Not so easy to counter the point about pastoral support, which is probably why I didn't comment!
Equally, I don't think it would be easy for the authority to justify any statement about the level of pastoral care.
The average amount of time a tutor or head of year has for each child will obviously decrease whenever an extra child is admitted, but the difference is not going to be earth-shattering.
There seems to be a constant drive to improve academic performance every year, and this is measured by SATs and exam results.
It is surely impossible to find anything equivalent where overall pastoral care is concerned because there are so many intangibles.
I wouldn't for one moment want to suggest that assessing the standard of pastoral care can be reduced to the level of examining the number of disciplinary offences, but you could try putting the admission authority on the defensive by asking: "Is there any evidence that standards have fallen when numbers have been above PAN? - For example, has there been a noticeable increase in the number of suspensions?"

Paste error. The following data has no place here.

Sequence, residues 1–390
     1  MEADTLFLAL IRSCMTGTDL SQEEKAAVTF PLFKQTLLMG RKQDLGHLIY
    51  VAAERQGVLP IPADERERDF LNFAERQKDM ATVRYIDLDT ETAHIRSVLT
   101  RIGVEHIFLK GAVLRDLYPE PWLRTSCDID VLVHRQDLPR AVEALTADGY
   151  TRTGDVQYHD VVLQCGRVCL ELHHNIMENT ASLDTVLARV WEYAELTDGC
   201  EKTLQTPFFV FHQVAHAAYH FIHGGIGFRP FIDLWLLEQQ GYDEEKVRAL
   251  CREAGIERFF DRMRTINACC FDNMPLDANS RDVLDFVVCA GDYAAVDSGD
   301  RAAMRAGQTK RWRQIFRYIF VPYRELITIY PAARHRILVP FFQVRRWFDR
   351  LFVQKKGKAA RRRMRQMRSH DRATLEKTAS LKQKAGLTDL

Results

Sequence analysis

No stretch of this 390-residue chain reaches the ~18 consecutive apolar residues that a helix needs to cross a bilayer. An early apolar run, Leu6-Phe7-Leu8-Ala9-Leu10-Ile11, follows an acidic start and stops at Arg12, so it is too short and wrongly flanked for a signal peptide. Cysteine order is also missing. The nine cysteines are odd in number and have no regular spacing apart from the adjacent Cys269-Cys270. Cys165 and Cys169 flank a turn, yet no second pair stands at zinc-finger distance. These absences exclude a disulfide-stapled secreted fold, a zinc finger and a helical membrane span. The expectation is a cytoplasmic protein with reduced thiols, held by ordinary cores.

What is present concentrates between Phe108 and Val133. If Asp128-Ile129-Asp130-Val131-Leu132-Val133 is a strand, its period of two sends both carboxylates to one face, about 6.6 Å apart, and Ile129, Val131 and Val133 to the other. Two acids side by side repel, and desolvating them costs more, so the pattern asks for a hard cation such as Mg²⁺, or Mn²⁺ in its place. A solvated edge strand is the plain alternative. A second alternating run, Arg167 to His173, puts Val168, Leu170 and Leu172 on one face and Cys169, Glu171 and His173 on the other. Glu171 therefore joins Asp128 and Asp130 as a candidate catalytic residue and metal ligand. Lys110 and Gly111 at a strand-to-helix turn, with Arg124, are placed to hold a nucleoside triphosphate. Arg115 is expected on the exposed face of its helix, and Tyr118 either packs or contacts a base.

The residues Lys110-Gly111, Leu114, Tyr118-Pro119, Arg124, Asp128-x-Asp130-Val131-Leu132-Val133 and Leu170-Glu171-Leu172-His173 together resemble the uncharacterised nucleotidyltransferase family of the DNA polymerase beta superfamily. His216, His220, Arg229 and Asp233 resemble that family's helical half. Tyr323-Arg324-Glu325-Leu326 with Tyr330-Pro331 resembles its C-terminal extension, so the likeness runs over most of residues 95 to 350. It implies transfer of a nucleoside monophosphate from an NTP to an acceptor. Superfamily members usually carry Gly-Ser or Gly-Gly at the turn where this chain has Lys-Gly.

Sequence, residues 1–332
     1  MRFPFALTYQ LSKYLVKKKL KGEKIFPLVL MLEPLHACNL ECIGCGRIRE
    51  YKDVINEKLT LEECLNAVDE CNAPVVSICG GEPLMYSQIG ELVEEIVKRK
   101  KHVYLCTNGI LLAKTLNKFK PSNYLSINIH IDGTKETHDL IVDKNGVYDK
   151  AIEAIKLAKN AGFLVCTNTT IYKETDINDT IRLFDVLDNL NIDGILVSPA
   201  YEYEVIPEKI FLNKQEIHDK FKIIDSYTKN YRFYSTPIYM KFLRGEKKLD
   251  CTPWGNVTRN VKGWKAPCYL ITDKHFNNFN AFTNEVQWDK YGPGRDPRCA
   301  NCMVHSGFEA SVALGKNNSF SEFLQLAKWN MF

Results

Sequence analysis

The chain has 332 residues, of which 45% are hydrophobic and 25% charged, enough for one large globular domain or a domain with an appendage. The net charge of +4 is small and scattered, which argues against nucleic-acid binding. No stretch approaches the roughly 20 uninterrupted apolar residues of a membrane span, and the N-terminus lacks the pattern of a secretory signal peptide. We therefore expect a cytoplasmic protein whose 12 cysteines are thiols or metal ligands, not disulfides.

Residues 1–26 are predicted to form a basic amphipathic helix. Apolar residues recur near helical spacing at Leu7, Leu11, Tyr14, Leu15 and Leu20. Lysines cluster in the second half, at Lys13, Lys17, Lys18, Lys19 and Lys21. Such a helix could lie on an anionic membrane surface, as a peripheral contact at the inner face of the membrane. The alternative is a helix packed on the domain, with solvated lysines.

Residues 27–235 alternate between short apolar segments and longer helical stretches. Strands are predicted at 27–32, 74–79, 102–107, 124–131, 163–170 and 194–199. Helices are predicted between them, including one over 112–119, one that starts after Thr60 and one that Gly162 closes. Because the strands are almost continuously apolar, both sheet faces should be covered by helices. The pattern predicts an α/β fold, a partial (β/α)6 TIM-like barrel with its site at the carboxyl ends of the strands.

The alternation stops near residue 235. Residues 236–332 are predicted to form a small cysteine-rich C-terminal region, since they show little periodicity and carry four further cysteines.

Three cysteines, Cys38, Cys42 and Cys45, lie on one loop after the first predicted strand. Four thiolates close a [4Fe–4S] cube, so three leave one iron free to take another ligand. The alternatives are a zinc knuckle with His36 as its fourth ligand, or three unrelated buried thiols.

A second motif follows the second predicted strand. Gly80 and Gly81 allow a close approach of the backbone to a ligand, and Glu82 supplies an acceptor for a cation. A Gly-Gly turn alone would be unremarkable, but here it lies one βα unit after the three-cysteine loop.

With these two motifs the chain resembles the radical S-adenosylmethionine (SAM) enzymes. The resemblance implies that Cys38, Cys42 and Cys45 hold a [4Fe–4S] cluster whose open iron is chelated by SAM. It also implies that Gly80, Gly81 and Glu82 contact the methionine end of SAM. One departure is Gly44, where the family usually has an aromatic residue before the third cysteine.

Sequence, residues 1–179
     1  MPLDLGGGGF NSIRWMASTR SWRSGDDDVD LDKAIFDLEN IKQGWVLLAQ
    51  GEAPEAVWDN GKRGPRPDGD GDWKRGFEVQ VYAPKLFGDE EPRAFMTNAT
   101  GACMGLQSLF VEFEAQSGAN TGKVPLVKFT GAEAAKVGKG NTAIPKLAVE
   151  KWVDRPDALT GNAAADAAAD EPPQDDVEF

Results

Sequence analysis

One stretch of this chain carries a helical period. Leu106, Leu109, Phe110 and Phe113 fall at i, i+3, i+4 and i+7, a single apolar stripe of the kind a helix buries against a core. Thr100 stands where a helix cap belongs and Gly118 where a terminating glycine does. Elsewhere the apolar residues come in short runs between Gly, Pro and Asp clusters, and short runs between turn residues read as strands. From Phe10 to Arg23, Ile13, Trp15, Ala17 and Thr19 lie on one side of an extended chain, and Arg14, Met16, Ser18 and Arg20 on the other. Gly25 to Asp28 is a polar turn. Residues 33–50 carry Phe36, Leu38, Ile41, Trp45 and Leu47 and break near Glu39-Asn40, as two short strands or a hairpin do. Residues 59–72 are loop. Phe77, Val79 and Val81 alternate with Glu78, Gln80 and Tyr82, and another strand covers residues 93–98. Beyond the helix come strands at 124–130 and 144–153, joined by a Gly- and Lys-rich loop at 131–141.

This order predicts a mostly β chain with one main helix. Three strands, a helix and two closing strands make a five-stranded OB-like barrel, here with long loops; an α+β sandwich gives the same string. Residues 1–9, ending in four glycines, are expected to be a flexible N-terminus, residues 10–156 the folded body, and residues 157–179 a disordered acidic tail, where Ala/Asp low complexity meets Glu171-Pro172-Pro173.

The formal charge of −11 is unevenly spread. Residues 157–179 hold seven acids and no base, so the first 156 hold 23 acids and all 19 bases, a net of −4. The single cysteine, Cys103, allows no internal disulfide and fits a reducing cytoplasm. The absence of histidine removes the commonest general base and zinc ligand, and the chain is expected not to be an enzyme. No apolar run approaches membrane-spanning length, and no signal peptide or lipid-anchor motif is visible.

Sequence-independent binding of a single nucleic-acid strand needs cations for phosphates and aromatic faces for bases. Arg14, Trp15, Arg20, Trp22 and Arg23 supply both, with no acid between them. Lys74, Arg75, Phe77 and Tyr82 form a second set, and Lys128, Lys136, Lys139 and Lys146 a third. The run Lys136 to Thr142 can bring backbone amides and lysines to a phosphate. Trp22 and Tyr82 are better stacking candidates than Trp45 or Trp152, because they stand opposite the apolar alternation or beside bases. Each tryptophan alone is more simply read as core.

I suspect that they won't know the figures, but if it turns out that there have been 6 suspensions instead of 4, don't allow the presenting officer to talk airily about a 50% increase unchallenged! If we are comparing year groups of 186 and 180, for example, one could just as well argue that the difference is between 6 out of 185 (3.22%) and 4 out of 180 (2.22%). That doesn't sound as compelling! Besides, one shouldn't draw conclusions from a single occurrence, so I would want to know whether this pattern is repeated every time there's been an oversubscribed year group.
Teachers tell me that, from time to time, they come across a "difficult year", and this seems to happen without rhyme or reason. I suspect it has little or nothing to do with "overcrowding".
It is so difficult to measure "pastoral care" in the fullest sense of the term that I doubt whether an assertion that it will suffer if numbers go above PAN can be proved one way or another.